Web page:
I've gone through four interviews with a high profile company in a big city for a non-entry-level career. The third interview was a 5 hour technical interview where, at the end, the senior staff said I did extremely well, performed "above-average", and wanted to schedule a final interview with me as soon as possible with a C-level executive eight time zones away. They subtly mentioned that they'd love to offer me something but speaking with leadership was a final formality in the process.

The meeting with the executive was scheduled by the next day and for 30 minutes but we hit it off and talked for almost an hour, ending with her saying that she was happy for the opportunity to speak with me and hoped that'd I'd be joining the team.

I got an email within 20 minutes, around 9AM, from the hiring manager saying that he heard nothing but good things and wanted to schedule a quick chat the same day. I replied within minutes that I had a few meetings but was available for most of the day and let him know when a good time to call was.

6PM rolls around and I never received a call nor email. This company has been prompt, punctual, and exceedingly courteous up to this point and it seemed like the hiring processes was going extremely well. I can't tell wether this is a sign of disrespect and/or their wanting to sweat me out over the weekend in the hopes that I'll hastily take whatever offer they throw at me next week. I've never been blown off like this before. I have other offers on the table and don't feel rushed and, though I really like this particular company, this behavior makes me nervous. How should I take it?

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    If this isn't "primarily opinion based" then i don't know what is – Mawg says reinstate Monica Jul 14 '18 at 8:25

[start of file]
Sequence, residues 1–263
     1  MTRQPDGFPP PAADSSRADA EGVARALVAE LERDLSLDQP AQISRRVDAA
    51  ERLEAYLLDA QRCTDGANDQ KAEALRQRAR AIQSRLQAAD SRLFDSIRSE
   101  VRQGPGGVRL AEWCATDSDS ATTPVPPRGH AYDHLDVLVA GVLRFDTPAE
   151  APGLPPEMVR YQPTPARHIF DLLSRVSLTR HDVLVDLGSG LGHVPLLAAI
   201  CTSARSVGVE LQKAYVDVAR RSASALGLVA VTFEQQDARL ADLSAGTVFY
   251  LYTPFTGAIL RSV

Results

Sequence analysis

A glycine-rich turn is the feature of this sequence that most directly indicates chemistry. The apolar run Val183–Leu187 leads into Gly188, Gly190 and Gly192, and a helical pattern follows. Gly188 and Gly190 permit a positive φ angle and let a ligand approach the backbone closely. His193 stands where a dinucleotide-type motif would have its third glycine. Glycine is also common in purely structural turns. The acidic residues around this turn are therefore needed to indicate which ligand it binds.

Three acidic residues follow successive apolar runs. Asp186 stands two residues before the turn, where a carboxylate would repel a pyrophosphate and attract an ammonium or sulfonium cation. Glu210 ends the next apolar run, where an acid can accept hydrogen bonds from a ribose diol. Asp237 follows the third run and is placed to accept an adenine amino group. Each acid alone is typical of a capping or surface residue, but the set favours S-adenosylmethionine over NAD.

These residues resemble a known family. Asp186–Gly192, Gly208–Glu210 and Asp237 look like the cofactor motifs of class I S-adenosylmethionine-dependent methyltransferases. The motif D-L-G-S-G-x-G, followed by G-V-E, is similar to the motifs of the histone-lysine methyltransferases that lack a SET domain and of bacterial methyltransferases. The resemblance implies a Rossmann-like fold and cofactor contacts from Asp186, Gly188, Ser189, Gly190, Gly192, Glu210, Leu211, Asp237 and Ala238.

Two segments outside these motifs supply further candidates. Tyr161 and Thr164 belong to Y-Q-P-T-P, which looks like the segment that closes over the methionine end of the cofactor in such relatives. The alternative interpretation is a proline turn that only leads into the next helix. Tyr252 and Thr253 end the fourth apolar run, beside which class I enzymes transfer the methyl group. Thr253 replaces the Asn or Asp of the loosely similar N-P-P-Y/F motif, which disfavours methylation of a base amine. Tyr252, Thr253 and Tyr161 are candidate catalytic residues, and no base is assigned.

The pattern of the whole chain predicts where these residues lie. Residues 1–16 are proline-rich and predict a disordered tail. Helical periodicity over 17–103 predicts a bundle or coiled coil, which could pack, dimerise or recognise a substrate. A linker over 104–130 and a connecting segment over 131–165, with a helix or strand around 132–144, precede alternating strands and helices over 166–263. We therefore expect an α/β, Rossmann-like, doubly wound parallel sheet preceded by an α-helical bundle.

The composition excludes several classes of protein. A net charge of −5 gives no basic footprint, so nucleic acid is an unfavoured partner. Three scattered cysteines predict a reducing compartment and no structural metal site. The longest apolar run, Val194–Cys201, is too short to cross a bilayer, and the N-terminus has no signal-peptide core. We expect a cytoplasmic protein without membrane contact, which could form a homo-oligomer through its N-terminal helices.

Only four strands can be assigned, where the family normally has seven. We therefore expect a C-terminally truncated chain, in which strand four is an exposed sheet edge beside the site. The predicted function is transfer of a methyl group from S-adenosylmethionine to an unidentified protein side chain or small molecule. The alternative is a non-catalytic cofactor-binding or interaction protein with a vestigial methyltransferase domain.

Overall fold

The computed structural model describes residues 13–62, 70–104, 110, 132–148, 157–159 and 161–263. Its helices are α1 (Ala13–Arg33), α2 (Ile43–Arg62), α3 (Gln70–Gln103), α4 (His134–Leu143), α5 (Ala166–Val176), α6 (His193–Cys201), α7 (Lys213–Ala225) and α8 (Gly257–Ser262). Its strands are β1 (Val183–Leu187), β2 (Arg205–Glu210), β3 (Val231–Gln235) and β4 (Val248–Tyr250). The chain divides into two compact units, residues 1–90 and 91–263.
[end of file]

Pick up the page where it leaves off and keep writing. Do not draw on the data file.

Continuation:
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    It’s impossible to advise you on a specific person’s motivation for behaving some way. If you’d like to rephrase your question to something along the lines of how you can respond to their inaction, you’re likely to get more reliable responses. – Kent A. Jul 14 '18 at 13:46

I wouldn't read too much into this. Maybe something came up that the hiring manager had to deal with that ended up consuming his entire day. Perhaps he was expecting some information from HR that he needed before the chat. Perhaps he simply forgot. I imagine that at least once in your life you've forgotten to reply to an email.

It seems unlikely that anyone would do this as a negotiating tactic. Most candidates aren't going to feel pressured by getting an offer on a Monday rather than a Friday.


Everything Justin said.

It's [remotely] possible that this is a tactic, that a more promising candidate has appeared, or that the position has been rethought at the last minute, but it sounds far more likely that something else came up. While recruitment will always be important to a hiring manager, there will be a multitude of other things that will be more urgent.

Either way, a productive approach would be to assume good intentions :

Did I miss a call or e-mail on Friday? I am looking forward to talking further with you about the opportunity with your department.

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